Here’s the problem.
I’ve only reviewed eight of Jack Chick’s tracts, and I’m already out of synonyms for “batshit crazy.” And now that I’ve run across a tract that could have only come from a truly broken mind, I find I have no words to describe it. It appears I shot my hyperbole wad just a little early.
There is a persistent rumor that Chick suffered a stroke in 1996, which would certainly explain the utter bugfuckery of his later works. Case in point: There Go the Dinosaurs.
In this tract, Chick blows the lid off the liberal science agenda and reveals, once and for all, what really happened to the dinosaurs. Hilariously, he even attempts to attribute his theories to the Bible by citing totally unrelated (and somewhat random) verses throughout. Honestly, it’s like looking at a psychotic break committed to paper.
We open with a whimsical prologue, in which an oddly effeminate “dragon” is being chased by spear-toting hillbillies. Seriously. I’m not making this up.
The dragon, which actually resembles a brontosaurus with long, fluttering eyelashes, lumbers up a mountain, obviously out of shape as she gasps for air. She tries to hide herself in a convenient cloud, but the prehistoric rednecks prove too wily for her. Haw!
Later that evening, as the modern stone-age families are feasting on “yummy dino-burgers,” a hideously deformed monkey boy asks his grandfather why dragons are so hard to find. “They’re a dying breed,” Grandpa informs the young missing link. “Who knows? You may be eating the very last one!”
And with that cold open out of the way, we are thrust into the moist, quivering loins of Jack Chick’s most deranged thesis yet. A misshapen professor with a bow tie and a Hitler mustache is explaining to his class that dinosaurs ruled the world millions of years ago, but they were wiped out by a comet. And as proof, he offers up a drawing of a dinosaur shouting “Yipes!” as a comet barrels down on it.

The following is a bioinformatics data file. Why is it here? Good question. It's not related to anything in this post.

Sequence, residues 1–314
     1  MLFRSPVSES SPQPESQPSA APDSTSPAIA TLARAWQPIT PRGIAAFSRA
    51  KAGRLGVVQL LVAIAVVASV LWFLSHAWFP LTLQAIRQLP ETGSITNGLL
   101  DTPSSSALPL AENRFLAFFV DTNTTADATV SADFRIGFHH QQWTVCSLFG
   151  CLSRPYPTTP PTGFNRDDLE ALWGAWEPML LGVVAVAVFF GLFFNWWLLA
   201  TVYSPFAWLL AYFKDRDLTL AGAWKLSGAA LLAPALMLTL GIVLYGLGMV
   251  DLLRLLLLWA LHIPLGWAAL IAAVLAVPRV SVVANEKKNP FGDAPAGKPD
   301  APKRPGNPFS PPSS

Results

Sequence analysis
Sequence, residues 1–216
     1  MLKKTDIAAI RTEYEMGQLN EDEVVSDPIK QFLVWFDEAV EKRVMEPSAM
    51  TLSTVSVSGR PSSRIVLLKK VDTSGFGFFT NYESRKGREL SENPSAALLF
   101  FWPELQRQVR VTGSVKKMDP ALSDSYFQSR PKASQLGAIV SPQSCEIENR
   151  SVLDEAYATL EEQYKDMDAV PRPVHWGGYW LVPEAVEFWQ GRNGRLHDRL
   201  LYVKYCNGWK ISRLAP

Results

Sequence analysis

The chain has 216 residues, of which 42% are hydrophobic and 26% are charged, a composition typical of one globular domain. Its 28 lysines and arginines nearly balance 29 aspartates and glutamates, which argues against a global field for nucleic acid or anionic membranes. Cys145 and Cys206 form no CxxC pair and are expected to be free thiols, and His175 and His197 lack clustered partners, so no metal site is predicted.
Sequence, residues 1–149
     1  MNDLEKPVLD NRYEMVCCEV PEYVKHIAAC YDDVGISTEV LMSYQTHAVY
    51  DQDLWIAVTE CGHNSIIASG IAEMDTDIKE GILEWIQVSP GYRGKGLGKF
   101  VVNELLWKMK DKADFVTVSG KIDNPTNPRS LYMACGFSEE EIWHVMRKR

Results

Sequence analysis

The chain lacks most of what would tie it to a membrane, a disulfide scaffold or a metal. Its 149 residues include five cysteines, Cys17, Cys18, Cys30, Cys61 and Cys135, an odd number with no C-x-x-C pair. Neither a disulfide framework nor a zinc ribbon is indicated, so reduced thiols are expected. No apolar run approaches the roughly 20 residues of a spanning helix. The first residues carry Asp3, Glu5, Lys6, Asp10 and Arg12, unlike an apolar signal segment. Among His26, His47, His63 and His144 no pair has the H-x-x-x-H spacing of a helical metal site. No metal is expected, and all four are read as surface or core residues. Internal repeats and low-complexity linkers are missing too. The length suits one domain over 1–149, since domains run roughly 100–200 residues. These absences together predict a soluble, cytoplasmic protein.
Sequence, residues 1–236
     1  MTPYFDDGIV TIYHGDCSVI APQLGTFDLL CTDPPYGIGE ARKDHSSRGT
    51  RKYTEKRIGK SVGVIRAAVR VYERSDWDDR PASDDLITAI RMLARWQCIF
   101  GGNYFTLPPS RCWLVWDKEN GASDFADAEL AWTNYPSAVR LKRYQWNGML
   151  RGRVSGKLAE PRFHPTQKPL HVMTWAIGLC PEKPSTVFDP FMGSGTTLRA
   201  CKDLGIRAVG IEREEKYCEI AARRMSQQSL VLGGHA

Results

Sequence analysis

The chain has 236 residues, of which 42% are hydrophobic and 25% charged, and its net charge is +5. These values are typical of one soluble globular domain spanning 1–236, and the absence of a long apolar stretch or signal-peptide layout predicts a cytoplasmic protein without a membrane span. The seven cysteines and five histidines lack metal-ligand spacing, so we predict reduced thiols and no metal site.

So is that how the dinosaurs died? Hell, no! Chick isn’t having any of it. He explains that the whole dinosaur/comet theory is just a tale concocted by “people who don’t trust God.” He then offers up his own interpretation of events, which he arrogantly presents as God’s side of the story. “And God should know,” Chick insists. “After all, He was there.”
So here’s how the caper really went down. God made man and animals in the same week, which proves evolution is a lie. And among the animals he created were the dinosaurs. Chick tosses out a couple of random Bible verses to back up his claim, but I suspect he actually gleaned most of his information from watching a documentary entitled “The Flintstones.”
If you’ve ever been to Sunday School, you’re probably at least passingly familiar with the next part of the story. Although, to be fair, I don’t remember there being a lot of dinosaurs in it.
Adam and Eve get booted out of Eden for eating the forbidden fruit. Cain kills Abel. Mankind goes to hell in a bucket and starts sacrificing children to large, angry muppets. And God tells Noah to build his ark.
At this point, Chick informs us that God put “dragons and other animals in the ark.” And in a totally hilarious footnote, he tells us that the “dragons” were officially renamed “dinosaurs” in 1841. Probably by the Vatican.
So it turns out that the dragons/dinosaurs survived the Great Flood, and wandered free after the waters subsided. But, and here’s the kicker, the flood had destroyed trillions of plants. Without those plants, there wasn’t enough oxygen to support the dinosaurs, so “they got slower and easier to catch.”
The little monkey boy laments that he never got to see the Garden of Eden, or the world before the flood. “That’s the price of sin, my boy!” his grandfather tells him. Which kind of sucks because, as far as I know, the dinosaurs weren’t the ones doing all the sinning.
Anyway, Chick must have realized at this point that he didn’t have quite enough dinosaur material to fill an entire pamphlet, because he segues into a retelling of the life of Christ. First, he reminds us that God is going to eventually destroy the world with fire. Then he tells us how Jesus came to earth to die for our sins so we can “miss the coming wrath of God.”
We finally reach the end of a tract that was, in all likelihood, originally scrawled on Chick’s bedroom wall in his own feces. In a desperate attempt to tie the last half of the pamphlet back to the dinosaur topic, Chick concludes with “The real issue isn’t where the dinosaurs went… It’s where YOU will go when you die.”
Praise the Lord and pass the dino-burgers!